Gender differences are evident in chronic obstructive pulmonary disease (COPD) pathogenesis, manifestations, and response to therapy. Consequently, a better understanding of the gender-influenced factors in COPD pathobiology can help clinicians to make appropriate decisions surrounding the diagnosis and treatment of women with COPD. COPD is underdiagnosed in women, a fact that may reflect discrepancies in presenting symptom profiles in men and women. Women develop COPD at an earlier age with less aggregate tobacco exposure, suggesting enhanced susceptibility to the local toxic effects of cigarette smoke. Gender-by-smoking and gender-by-genetic interactions may underlie many of the sex-disparate features of COPD presentation and clinical course. This article reviews our current understanding of gender as COPD comorbidity and explores possible underlying mechanisms and clinical implications of gender influences in this complex disorder. Recommendations for adjustments in clinical practice and further research are presented.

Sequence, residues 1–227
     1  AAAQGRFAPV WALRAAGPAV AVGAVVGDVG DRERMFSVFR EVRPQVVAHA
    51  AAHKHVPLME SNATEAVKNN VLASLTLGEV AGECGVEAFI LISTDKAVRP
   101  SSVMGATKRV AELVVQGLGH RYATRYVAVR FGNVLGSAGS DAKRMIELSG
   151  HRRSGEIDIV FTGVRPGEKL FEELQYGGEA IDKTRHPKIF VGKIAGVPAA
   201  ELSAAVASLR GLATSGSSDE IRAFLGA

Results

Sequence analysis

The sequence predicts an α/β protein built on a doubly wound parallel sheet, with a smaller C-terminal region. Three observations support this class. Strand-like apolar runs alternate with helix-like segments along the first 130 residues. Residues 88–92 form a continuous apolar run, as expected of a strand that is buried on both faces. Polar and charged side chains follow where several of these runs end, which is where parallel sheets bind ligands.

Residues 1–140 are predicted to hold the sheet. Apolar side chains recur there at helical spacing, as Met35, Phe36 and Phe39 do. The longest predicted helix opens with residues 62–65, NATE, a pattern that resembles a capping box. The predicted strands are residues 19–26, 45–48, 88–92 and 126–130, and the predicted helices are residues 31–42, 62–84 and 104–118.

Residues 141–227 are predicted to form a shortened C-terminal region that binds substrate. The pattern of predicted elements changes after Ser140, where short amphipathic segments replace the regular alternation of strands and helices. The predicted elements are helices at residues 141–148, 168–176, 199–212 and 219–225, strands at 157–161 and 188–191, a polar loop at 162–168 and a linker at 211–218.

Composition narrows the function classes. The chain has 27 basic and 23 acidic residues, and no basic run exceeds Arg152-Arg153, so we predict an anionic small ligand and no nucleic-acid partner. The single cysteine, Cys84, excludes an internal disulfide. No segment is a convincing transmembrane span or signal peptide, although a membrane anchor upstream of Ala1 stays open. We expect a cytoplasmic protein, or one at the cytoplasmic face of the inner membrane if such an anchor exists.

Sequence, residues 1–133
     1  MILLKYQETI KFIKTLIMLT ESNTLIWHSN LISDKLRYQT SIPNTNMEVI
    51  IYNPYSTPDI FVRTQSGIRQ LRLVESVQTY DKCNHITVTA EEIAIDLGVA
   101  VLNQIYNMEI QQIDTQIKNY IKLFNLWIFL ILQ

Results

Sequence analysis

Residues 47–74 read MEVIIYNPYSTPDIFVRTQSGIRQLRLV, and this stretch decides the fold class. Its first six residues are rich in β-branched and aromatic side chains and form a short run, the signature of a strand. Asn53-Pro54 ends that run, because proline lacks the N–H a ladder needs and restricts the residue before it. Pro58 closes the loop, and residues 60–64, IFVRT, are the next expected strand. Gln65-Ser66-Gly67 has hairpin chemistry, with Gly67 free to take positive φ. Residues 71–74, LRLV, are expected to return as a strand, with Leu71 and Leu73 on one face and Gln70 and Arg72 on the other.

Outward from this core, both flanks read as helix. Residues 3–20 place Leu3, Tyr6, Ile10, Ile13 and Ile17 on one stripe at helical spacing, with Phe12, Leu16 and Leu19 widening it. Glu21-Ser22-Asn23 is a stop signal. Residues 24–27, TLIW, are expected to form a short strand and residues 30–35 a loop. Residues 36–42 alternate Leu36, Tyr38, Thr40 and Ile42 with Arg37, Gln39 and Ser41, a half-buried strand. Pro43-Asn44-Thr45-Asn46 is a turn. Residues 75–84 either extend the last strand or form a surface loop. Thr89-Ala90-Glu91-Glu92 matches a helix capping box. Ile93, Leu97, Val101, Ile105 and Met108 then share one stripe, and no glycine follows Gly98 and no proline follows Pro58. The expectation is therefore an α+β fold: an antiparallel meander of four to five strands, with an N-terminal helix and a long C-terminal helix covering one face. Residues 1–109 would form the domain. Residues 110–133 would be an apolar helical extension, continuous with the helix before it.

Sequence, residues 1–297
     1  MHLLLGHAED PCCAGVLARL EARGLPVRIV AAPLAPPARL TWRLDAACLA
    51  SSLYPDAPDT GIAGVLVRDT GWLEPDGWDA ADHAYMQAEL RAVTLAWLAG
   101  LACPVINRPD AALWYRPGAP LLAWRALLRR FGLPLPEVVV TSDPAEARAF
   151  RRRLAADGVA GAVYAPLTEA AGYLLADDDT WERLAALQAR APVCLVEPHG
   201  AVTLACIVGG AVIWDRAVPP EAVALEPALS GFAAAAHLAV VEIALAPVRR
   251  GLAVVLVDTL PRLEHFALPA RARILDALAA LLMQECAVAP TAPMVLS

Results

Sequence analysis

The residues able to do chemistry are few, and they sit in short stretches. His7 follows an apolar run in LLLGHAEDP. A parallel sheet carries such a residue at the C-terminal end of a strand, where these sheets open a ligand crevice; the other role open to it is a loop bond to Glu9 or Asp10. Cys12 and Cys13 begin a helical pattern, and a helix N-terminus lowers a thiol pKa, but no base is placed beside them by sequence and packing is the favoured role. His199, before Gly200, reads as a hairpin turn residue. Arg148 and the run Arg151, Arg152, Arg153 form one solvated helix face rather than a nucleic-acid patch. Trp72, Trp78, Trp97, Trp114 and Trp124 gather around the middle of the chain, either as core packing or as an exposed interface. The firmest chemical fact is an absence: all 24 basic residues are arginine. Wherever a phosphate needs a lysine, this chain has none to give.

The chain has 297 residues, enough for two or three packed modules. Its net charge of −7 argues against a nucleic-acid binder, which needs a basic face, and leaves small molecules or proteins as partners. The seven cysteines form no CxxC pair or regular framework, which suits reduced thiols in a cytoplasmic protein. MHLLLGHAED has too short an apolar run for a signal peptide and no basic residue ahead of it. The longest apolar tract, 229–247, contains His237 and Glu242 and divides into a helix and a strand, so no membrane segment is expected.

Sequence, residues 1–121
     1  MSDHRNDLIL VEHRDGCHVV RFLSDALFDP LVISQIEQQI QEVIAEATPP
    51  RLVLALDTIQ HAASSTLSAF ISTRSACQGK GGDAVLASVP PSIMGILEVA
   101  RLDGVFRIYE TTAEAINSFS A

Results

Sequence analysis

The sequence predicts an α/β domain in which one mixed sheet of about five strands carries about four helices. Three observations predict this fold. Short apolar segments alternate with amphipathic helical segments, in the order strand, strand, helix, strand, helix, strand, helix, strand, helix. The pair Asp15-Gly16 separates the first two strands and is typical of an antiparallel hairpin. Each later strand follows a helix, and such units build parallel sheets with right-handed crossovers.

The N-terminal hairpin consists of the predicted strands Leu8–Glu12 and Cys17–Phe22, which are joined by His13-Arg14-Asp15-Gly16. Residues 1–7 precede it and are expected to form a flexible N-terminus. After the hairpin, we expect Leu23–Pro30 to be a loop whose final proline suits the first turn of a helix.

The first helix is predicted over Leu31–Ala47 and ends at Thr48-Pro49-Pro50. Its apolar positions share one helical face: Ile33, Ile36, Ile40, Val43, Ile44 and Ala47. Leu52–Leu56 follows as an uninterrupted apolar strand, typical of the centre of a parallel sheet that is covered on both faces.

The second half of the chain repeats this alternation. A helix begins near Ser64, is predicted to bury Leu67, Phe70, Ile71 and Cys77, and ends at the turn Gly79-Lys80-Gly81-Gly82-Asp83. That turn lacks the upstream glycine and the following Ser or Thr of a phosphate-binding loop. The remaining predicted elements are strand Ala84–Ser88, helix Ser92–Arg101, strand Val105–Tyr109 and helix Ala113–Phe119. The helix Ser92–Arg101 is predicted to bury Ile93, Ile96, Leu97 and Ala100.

ASJC Scopus subject areas
- Pulmonary and Respiratory Medicine
- Critical Care and Intensive Care Medicine